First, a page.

We use cookies to provide you with a better experience. If you continue to use this site, we'll assume you're happy with this. Alternatively, click here to find out how to manage these cookies

hide cookie message
Contact Forum Editor

Send an email to our Forum Editor:


PLEASE NOTE: Your name is used only to let the Forum Editor know who sent the message. Both your name and email address will not be used for any other purpose.

Speakers Corner


It's free to register, to post a question or to start / join a discussion


 

Abu Qatada release: Cameron 'fed up'


Forum Editor
Resolved

Likes # 0

There does seem to be something quite ridiculous about a situation in which a man who is - to use our Prime Minister's own words "..has no right to be here, we believe he's a threat to our country," and yet cannot be expelled by us.

We literally cannot put this individual on a plane out of here because someone sitting in a court in Strasbourg decided that he would not get a fair trial in Jordan, where he's wanted.

I'm well-known for championing the rule of law, but there are times when I wonder if we haven't lost sight of the ball, and this is one of them. In 21 days our government must either come up with a valid legal reason for an appeal against the ruling or release Abu Qatada back into the community. It's a cast iron guarantee that his lawyers will challenge every inch of the way.

Perhaps we should send the man to Strasbourg, and let them have the problem.

Like this post
tryanothername

Likes # 0

Looking from a different angle. If legal aid was restricted to a set amount of money or the number of times you can claim. Would that have cut down on the number of appeals he could have gone through.

Would his radical fundamentalist followers in Britain contribute to the tune of £1million + or the lawyers feverishly work for nothing after they have drained the last penny from legal aid.

Surely a cap on the total anyone can claim via legal aid would cover the vast majority of normal cases.

This could be one piece of legislation that the government could introduce and get around future cases, if not the current one.

Like this post
Fruit Bat /\0/\

Likes # 0

If we can't send him to Jordon why can't we send him somewhere else instead?

He has already stated (on film) that his followers should fight "westerners" to the death - so exile him to somewhere in the east.

Like this post
canarieslover

Likes # 0

*Fruit Bat /\0/*

'so exile him to somewhere in the east.'

As long as it isn't Essex thanks!!

Like this post
Mr Mistoffelees

Likes # 0

You may like to know there is an e-petition to sign.

Like this post
Bing.alau

Likes # 0

We could put him on a plane to Jordan any time in actual fact. But we would be breaking our own laws. Silly isn't it. We do not want to be seen to be breaking our own laws. "The rest of the world wouldn't be able to look up to us ever again" is the story I heard today. Well I have news for them, nobody looks up to us now. So we will be looked upon no differently.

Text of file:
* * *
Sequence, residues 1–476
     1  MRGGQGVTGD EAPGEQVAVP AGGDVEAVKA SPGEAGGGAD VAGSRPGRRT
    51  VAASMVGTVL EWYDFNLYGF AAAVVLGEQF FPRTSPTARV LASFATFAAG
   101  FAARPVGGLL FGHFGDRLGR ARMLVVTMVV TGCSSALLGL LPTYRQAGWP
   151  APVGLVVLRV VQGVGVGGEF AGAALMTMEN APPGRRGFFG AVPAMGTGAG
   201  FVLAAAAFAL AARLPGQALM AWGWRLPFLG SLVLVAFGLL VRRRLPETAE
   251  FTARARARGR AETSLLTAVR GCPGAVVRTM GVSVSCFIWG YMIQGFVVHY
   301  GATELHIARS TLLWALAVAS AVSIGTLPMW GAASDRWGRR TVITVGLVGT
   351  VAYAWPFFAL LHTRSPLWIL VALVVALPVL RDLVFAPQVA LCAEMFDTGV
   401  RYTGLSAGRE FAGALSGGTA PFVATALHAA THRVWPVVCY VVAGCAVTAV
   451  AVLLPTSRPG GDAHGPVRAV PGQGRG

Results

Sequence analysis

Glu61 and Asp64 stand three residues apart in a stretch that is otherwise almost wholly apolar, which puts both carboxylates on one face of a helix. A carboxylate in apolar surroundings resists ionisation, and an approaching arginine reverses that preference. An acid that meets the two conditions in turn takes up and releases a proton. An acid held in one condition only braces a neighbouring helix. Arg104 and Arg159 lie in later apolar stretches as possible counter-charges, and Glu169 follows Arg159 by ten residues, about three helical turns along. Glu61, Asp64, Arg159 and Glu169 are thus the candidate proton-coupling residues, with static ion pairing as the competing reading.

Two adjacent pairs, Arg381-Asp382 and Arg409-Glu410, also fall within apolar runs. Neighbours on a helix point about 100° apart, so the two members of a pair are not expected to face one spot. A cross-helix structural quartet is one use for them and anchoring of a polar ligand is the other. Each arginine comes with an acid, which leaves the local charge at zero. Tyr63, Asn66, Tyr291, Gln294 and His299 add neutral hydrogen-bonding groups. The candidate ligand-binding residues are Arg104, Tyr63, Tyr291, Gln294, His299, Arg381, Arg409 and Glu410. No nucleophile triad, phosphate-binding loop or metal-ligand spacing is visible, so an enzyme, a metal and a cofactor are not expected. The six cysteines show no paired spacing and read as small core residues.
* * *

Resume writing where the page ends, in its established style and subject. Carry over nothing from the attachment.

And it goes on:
Maybe some body can engage a hit man and put him away for good. That would save an awful lot of money here and in Jordan.

Like this post
Fruit Bat /\0/\

Likes # 0

canarieslover

I was thinking a lot further east than Essex but about 100 miles east of Essex should be good enough

Like this post
morddwyd

Likes # 0

"The rule of law is one thing. But what we are seeing here is a simple perversion of it."

No we're not, we're seeing the application of it, as enacted by politicians, led the the Prime Minister, not necessarily the current one, but successive ones.

The judges don't make the law, the politicians do.

If Cameron is si fed up with the law, let him change it. No-one is better placed.

And don't tell me it's Strasbourg Law, it's British law which makes Strasbourg Law applicable in the UK.

Like this post
lotvic

Likes # 0

Strasbourg? I'm confused now, I thought it was UK Mr Justice Mitting (Sir John Mitting) - The Special Immigration Appeals Commission - that has made the ruling.

Like this post
lotvic

Likes # 0

Like this post
Forum Editor

Likes # 0

Apologies for my error in misreading the BBC piece - it was not a Strasbourg judge who ordered Abu Qatada's release on bail.

It makes little difference to my central point however, which is that government lawyers have to scratch around to find valid grounds for an appeal within 21 days, or the man will be released into the community. He will, that is, unless the Home secretary can devise something to keep him detained.

Why hasn't he been charged here? Because there isn't enough evidence with which to bring a prosecution, despite the fact that he has publicly endorsed suicide bomb attacks, and has been described as the head of the mujahideen in Britain.

He'll end up being here for many years.

Like this post

Reply to this topic

This thread has been locked.



IDG UK Sites

LG G Watch review: Android Wear smartwatch is the best around, so far

IDG UK Sites

How to join Apple's OS X Beta Seed Program: Get OS X Yosemite on your Mac before public release

IDG UK Sites

Why the BBC iPlayer outage was caused by a DDoS attack: Topsy and Tim isn't *that* popular

IDG UK Sites

See Glasgow 2014 in UHD as history is made